RED BANK: KEEPING FORTUNE’S VOICE ALIVE

Suubi Mondesir with Fortune Foundation co-chair Gilda Rogers last month. Below, Mondesir, second from right, on a 2016 tour of the Fortune house led by builder Roger Mumford. (Photos by Chris Ern, above, and John T. Ward. Click to enlarge.)

By CHRIS ERN

In the summer of 2016, Suubi Mondesir was a rising junior at Red Bank Regional High School when she participated in a tour of a crumbling Red Bank house.

At the time, preservationists envisioned the building on Drs. James Parker Boulevard as a cultural center in honor of its onetime owner, the civil rights journalist T. Thomas Fortune, and Mondesir was present as a participant in the Hugh N. Boyd Journalism Diversity Workshop at Rutgers University.

Flash forward to 2021: The house has been fully restored as the T. Thomas Fortune Cultural Center, and Suubi (pronounced SOO-vee) manages its media outreach efforts as an intern. But it’s not just a job. Her work at the center aligns with a personal passion for social justice, inspired by Fortune’s work in the late 19th and early 20th centuries, she told redbankgreen in an interview last month.

“What he did is what I am hoping to do as well: to inspire people with my writing, and to speak truth to power,” Mondesir said.

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RED BANK: FORTUNE TO HOST PARKER ROOM

Press release by the the T. Thomas Fortune Cultural Center

On the heels of Juneteenth, the T. Thomas Fortune Cultural Center announces its partnership with Monmouth Medical Center, a part of RWJ Barnabas Health, as the exclusive sponsor of the Parker Family Legacy Room – a permanent exhibit of the history of the family of prominent Red Bank black doctors, who served their community for over 80 years.

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RED BANK: MARCH INAUGURATES JUNETEENTH

Juneteenth marchers on Shrewsbury Avenue, above, and Drs. James Parker Boulevard, below. (Photos by John T. Ward. Click to enlarge.)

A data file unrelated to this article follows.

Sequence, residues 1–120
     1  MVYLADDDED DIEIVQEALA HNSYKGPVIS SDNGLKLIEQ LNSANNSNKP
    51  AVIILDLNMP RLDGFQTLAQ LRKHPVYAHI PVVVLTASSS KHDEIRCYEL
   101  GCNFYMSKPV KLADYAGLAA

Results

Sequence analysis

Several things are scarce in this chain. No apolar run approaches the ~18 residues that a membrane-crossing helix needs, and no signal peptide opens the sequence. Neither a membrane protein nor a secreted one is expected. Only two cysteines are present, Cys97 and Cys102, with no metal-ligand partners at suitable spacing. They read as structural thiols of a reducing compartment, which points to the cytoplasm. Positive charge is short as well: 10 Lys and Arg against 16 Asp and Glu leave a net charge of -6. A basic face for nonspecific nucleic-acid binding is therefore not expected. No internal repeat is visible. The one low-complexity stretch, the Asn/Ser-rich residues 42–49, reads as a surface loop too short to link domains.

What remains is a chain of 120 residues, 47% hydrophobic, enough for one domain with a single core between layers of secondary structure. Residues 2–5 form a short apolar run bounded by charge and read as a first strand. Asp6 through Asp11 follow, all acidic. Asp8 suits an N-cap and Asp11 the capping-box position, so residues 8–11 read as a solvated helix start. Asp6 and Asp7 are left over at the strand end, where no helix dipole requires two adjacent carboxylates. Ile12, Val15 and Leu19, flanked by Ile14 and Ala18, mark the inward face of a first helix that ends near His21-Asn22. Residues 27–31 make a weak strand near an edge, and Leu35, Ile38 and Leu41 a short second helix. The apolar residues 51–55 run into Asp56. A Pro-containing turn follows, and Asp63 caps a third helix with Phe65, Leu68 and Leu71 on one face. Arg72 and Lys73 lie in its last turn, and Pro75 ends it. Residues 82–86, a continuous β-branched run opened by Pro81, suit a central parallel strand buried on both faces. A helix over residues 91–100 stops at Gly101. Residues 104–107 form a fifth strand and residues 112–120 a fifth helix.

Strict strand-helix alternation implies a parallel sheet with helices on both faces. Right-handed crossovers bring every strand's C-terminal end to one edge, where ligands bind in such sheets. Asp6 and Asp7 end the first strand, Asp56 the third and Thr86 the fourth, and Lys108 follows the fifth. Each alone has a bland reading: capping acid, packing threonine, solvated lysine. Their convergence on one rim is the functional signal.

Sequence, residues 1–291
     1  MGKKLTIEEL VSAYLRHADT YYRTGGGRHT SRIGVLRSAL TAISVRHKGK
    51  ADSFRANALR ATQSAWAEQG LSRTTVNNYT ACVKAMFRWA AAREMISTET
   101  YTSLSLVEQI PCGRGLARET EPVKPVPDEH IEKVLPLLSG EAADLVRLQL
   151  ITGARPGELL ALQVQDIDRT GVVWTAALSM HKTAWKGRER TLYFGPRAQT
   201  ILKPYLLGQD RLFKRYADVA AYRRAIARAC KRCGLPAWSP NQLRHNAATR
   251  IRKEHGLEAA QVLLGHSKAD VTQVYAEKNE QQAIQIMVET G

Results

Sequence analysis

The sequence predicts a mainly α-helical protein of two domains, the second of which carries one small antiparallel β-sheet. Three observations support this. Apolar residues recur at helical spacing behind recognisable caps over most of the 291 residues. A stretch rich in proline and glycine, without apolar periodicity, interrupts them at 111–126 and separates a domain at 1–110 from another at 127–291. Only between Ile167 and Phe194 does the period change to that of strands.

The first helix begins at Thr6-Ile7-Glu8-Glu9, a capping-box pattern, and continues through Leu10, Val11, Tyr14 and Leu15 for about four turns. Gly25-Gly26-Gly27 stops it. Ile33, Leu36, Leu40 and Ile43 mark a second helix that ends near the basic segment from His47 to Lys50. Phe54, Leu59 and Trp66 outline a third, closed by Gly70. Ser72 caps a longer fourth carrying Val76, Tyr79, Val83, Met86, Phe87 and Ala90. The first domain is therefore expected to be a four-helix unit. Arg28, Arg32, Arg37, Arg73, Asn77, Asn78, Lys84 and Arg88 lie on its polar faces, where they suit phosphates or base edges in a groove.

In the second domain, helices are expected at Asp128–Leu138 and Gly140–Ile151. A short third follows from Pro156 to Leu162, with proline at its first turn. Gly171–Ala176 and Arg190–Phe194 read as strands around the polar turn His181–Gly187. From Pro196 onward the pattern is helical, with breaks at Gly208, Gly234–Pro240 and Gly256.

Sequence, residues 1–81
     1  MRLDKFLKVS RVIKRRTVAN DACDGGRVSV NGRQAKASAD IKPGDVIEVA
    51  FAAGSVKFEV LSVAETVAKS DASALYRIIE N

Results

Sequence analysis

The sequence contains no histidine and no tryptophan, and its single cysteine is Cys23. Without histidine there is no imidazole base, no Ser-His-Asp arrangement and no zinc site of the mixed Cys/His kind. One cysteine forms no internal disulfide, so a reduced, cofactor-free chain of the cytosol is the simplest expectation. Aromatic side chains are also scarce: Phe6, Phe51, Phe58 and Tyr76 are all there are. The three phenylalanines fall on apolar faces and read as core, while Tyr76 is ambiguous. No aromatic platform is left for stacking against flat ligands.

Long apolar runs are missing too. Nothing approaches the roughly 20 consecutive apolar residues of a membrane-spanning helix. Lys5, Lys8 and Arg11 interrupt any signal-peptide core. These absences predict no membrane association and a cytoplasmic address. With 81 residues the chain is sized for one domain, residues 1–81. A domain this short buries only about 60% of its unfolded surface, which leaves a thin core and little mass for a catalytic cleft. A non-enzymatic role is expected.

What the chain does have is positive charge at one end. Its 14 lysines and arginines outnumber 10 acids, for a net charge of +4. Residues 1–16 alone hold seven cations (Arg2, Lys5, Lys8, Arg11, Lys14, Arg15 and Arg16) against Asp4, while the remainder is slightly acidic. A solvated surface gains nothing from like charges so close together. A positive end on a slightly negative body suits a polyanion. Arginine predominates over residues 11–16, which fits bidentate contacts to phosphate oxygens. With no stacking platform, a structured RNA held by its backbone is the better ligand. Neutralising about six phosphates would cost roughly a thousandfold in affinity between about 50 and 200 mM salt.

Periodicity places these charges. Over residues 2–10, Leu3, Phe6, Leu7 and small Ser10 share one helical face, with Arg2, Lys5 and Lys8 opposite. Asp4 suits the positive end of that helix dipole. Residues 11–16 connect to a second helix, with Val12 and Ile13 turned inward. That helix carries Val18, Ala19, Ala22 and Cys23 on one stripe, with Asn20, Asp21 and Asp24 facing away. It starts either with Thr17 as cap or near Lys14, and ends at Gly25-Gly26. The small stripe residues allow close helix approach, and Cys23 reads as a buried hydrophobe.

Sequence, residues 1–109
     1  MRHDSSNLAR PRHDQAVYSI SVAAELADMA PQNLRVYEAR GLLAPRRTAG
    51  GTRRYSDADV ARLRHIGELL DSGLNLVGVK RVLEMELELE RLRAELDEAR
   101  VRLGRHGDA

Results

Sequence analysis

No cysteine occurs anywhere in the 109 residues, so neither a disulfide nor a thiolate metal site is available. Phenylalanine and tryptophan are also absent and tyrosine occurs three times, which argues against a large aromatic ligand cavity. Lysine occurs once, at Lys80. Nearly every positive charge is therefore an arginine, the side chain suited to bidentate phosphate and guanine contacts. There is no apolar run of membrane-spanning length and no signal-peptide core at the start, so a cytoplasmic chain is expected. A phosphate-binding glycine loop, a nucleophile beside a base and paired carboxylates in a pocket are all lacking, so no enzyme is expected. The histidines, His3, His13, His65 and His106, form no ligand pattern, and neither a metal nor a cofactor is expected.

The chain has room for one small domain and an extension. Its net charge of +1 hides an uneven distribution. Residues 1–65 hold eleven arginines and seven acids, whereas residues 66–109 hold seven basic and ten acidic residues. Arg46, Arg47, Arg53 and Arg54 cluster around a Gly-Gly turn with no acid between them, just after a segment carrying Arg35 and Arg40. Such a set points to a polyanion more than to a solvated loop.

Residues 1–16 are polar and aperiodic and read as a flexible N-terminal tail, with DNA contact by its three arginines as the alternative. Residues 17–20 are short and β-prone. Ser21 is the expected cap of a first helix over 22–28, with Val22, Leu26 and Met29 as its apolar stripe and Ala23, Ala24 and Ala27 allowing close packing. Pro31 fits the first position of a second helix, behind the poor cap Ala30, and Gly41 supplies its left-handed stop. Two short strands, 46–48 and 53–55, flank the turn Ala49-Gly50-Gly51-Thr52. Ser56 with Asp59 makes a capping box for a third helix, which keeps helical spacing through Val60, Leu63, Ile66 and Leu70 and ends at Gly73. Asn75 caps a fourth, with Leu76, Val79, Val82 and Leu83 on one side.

By JOHN T. WARD

Red Bankers commemorated the new federal and New Jersey state holiday of Juneteenth with a march Saturday.

The hike on a humid last day of spring was bookended by gatherings at Pilgrim Baptist Church on Shrewsbury Avenue and the T. Thomas Fortune Cultural Center on Drs. James Parker Boulevard.

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RED BANK: FORTUNE SETS ‘BASIE 2020’ SKED

william count basie postersImages of William ‘Count’ Basie on display at the T. Thomas Fortune Cultural Center last week. (Photos by John T. Ward. Click to enlarge.)

By JOHN T. WARD

The T. Thomas Fortune Cultural Center, built to honor a pioneering African-American journalist with Red Bank ties, plans to spotlight the borough-born musical giant William ‘Count’ Basie through 2020.

The occasion is the 85th anniversary of the formation of the Count Basie Orchestra, which is still touring 36 years after its founder’s death.

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RED BANK: TENTH OYSTERFEST ROCKS THE LOT

red bank oysterfest 2019red bank oysterfest 2019 Sunshine and feels-like temperatures around 80 degrees put thousands of visitors in a dancing, eating and drinking mood at the 10th annual Guinness Oyster Festival in Red Bank Sunday.

This year’s event, held as always in the White Street parking lot, raised funds for three Red Bank-based benefactors: Monmouth Day Care Center, T. Thomas Fortune House, and Red Bank RiverCenter, the event sponsor.

Were you there? Look for yourself and your friends in redbankgreen‘s photos. (Photos by John T. Ward. Click to enlarge)

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RED BANK: FORTUNE CULTURAL CENTER OPENS

red bank fortune house Dozens of supporters gathered on the front lawn for the opening of the T. Thomas Fortune Cultural Center. Below, a view of the ceremony from inside the restored house. (Photos by John T. Ward. Click to enlarge.)

By JOHN T. WARD

red bank fortune houseMore than a century after the departure of its most famous resident, the T. Thomas Fortune House in Red Bank reopened Thursday as a cultural center dedicated to his mission of advancing civil and human rights.

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